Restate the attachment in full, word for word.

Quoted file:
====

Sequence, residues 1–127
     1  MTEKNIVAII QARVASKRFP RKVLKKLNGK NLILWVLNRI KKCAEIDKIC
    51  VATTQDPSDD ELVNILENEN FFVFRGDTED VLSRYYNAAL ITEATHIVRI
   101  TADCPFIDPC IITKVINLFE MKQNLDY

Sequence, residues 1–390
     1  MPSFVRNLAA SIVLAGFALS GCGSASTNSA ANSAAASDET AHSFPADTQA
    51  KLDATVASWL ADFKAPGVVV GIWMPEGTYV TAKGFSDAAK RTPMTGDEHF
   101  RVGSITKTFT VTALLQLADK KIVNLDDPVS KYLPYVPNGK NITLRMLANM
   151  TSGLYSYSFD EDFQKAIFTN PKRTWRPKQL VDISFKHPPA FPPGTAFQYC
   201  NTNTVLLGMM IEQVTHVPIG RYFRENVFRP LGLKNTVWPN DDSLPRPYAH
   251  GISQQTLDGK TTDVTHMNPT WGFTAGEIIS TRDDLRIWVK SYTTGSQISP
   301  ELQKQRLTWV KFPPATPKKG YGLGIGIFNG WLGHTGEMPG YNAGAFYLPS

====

Sequence, residues 1–127
     1  MTEKNIVAII QARVASKRFP RKVLKKLNGK NLILWVLNRI KKCAEIDKIC
    51  VATTQDPSDD ELVNILENEN FFVFRGDTED VLSRYYNAAL ITEATHIVRI
   101  TADCPFIDPC IITKVINLFE MKQNLDY

Sequence, residues 1–390
     1  MPSFVRNLAA SIVLAGFALS GCGSASTNSA ANSAAASDET AHSFPADTQA
    51  KLDATVASWL ADFKAPGVVV GIWMPEGTYV TAKGFSDAAK RTPMTGDEHF
   101  RVGSITKTFT VTALLQLADK KIVNLDDPVS KYLPYVPNGK NITLRMLANM
   151  TSGLYSYSFD EDFQKAIFTN PKRTWRPKQL VDISFKHPPA FPPGTAFQYC
   201  NTNTVLLGMM IEQVTHVPIG RYFRENVFRP LGLKNTVWPN DDSLPRPYAH
   251  GISQQTLDGK TTDVTHMNPT WGFTAGEIIS TRDDLRIWVK SYTTGSQISP
   301  ELQKQRLTWV KFPPATPKKG YGLGIGIFNG WLGHTGEMPG YNAGAFYLPS